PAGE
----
As I slowed my car and pointed towards the signage for Aldea, my passenger reminded me that in fact we drove by here 3 hours ago, on the way to Chelsea Market. I wondered how I missed it, not just earlier this afternoon, but the dozens of times I drove by in the past year.
17th Street between 5th and 6th Ave isn’t popular by foot. If it wasn’t for the Michelin Star, I probably would have never found this restaurant, much less make a reservation for a meal here. Even in my list of Michelin Star destinations, Aldea was one for the off-week, for the spontaneous dinner where I did not have to book, or budget in advance. Yes this might be unfair to Aldea, but there simply isn’t any buzz coming from the culinary world about this place. In the world of Iron Chefs and Top Chefs, just being a good chef no longer gets you noticed.
Still, here I was in front of a tall narrow space that reminded me of a townhouse. A very nice one at that, with high ceiling, and a second floor loft over looking the bar and entrance. At the back of the first floor space is the kitchen, and there’s also a chef’s table where you can eat and watch all of the action.
At the helm of this restaurant was Chef George Mendes, a native of Connecticut who has worked his way through the kitchens of Bouley, Alain Ducasse, Wallsé and Tocqueville. In 2009, he opened Aldea to pursue his own culinary goals. In a classy, but relaxed setting, Chef Mendes dishes out fine cuisine inspired by his Portuguese heritage.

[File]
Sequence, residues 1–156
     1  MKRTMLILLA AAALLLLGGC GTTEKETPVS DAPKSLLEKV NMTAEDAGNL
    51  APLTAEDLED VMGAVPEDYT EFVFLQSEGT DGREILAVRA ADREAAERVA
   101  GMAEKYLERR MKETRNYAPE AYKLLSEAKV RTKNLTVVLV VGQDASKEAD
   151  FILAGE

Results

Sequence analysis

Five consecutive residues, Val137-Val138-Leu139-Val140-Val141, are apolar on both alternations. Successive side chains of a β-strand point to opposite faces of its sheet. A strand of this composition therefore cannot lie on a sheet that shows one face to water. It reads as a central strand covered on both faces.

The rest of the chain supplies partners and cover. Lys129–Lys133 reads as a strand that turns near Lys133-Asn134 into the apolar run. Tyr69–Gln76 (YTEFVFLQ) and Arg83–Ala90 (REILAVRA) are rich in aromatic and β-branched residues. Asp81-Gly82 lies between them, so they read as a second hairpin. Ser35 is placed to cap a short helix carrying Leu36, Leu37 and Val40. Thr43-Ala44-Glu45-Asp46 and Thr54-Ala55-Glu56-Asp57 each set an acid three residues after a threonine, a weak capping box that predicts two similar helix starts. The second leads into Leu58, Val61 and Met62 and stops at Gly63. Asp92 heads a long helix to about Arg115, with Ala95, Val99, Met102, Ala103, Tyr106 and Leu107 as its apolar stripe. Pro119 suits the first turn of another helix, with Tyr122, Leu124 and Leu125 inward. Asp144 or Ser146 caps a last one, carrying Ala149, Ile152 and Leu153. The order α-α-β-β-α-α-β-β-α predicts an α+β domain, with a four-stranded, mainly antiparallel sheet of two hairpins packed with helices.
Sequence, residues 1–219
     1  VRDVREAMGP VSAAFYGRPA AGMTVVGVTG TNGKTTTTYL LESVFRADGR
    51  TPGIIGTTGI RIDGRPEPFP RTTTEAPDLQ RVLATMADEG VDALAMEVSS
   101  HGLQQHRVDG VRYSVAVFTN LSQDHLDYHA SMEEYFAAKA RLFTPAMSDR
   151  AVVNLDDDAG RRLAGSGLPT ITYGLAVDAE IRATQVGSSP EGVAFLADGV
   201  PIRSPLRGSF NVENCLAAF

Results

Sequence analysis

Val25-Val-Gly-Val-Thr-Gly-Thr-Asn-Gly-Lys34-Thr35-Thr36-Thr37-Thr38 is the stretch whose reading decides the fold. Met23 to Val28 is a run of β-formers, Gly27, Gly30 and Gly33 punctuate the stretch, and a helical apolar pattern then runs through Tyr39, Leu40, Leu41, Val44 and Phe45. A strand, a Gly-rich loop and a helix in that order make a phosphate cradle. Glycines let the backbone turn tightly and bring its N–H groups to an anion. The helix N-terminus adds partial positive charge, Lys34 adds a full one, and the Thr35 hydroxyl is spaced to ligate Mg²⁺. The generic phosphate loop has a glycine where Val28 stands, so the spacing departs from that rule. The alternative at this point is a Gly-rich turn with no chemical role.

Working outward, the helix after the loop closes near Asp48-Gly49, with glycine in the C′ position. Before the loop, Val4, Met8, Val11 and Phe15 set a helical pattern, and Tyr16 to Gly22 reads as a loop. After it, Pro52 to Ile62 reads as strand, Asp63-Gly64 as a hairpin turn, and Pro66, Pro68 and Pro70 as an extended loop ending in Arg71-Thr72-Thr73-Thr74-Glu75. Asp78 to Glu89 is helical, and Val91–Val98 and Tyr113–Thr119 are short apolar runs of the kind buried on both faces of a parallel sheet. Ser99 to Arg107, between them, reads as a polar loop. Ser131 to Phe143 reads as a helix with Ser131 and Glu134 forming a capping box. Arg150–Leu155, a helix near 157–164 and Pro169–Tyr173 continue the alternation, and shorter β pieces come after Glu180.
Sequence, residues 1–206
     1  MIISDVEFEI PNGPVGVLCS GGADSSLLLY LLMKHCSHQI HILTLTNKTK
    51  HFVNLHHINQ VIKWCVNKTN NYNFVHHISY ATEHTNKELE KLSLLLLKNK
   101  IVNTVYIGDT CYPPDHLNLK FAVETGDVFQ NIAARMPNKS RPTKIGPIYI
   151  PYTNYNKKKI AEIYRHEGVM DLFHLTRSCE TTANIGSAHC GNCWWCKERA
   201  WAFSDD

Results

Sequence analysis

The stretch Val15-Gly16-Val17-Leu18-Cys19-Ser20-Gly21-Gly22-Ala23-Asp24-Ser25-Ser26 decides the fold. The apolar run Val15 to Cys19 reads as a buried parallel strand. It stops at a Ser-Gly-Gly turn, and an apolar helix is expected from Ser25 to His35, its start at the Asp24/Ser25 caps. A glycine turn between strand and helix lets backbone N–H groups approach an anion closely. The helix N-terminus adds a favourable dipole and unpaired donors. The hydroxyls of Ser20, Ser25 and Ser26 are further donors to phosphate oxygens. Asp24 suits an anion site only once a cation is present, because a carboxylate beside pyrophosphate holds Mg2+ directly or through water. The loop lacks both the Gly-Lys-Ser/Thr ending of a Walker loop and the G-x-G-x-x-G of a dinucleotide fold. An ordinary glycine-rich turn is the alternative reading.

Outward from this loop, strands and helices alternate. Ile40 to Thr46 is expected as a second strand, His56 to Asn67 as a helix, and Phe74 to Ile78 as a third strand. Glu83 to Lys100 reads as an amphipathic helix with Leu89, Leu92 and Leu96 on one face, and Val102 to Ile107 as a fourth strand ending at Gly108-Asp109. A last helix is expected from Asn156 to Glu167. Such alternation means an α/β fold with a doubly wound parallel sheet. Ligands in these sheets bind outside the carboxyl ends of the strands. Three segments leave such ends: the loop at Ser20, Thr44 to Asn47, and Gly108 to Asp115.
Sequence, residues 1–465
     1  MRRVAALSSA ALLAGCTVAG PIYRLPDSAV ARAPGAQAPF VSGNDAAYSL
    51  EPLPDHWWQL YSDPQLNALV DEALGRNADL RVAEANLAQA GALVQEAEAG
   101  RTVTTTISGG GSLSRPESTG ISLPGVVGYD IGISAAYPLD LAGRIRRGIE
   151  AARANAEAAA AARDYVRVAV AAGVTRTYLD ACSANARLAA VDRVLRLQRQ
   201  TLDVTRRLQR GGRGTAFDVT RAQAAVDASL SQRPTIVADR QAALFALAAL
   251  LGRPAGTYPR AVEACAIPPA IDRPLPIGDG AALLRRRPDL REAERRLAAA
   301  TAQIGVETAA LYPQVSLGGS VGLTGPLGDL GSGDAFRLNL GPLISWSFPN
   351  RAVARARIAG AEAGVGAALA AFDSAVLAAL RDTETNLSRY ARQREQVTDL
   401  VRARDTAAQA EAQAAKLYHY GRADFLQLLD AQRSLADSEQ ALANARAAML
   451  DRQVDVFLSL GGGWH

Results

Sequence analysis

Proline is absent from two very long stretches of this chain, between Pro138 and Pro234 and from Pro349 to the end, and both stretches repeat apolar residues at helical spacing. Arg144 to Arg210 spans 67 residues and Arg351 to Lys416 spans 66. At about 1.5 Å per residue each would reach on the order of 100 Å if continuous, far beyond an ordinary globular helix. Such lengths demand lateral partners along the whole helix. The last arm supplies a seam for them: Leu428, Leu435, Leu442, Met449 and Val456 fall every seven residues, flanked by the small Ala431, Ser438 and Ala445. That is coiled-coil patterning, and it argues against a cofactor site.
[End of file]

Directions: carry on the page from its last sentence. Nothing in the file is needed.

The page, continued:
There’s a $90 5-course tasting menu, or an a-la-carte option, where you can choose from small bites, items from the charcuterie, appetizers and entrees (separated into meats and fishes).
We started the meal with two small bites to share. The Bonito Tuna “Rillette”, which stands for a salted spread, was slightly too salty and rough in texture for my liking. The Sea Urchin Toast delivered sweet, rich flavors of sea urchin, which was also complemented nicely with cauliflower purée, mustard seed, and a dash of acidic lime juice.
Onwards to the appetizers, which was a tomato cucumber gazpacho poured into a wooden bowl at the table, submerging delicious balls of mozzarella and grilled cuttlefish. I’ve always loved gazpachos, and this was one of the best. On the other hand, the half lobster was a bit too much on the sweet side, and lacked the complex flavors of the cold soup.
Entreés were solid and well executed. The Arroz de Pato, or duck confit over rice, is one of the signature dishes at Aldea. The meat and chorizo had a nice smoky scent, but tasted slightly on the sweet side due to the tangerine and modest seasoning. The Striped Bass was perfectly cooked, as I expect most Michelin chefs to execute a faultless piece of fish, though the flavors did not leave a strong impression.
For desserts, we got the “Little Dreams”, which were like freshly baked doughnut holes with 3 dipping sauces: chocolate, caramel, and rhubarb. Despite the serious sugar high, the combination of the pastry with rhubarb was exquisit.
On the list of Michelin Star restaurants dominated by high profile celebrity chefs and their PR machines, Aldea is definitely a value and should not be missed. I enjoyed the experience as a whole, but there are aspects of the meal that kept it from leaving a stronger impression.
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